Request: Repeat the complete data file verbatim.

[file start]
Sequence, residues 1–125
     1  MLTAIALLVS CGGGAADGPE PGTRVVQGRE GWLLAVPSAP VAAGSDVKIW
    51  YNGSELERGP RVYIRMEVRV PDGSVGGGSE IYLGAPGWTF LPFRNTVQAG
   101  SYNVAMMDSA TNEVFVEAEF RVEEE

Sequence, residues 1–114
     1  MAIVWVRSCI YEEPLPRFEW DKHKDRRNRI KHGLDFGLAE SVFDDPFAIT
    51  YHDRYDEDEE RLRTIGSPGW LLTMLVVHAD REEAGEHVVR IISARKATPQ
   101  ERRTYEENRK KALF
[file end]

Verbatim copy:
Sequence, residues 1–125
     1  MLTAIALLVS CGGGAADGPE PGTRVVQGRE GWLLAVPSAP VAAGSDVKIW
    51  YNGSELERGP RVYIRMEVRV PDGSVGGGSE IYLGAPGWTF LPFRNTVQAG
   101  SYNVAMMDSA TNEVFVEAEF RVEEE

Sequence, residues 1–114
     1  MAIVWVRSCI YEEPLPRFEW DKHKDRRNRI KHGLDFGLAE SVFDDPFAIT
    51  YHDRYDEDEE RLRTIGSPGW LLTMLVVHAD REEAGEHVVR IISARKATPQ
   101  ERRTYEENRK KALF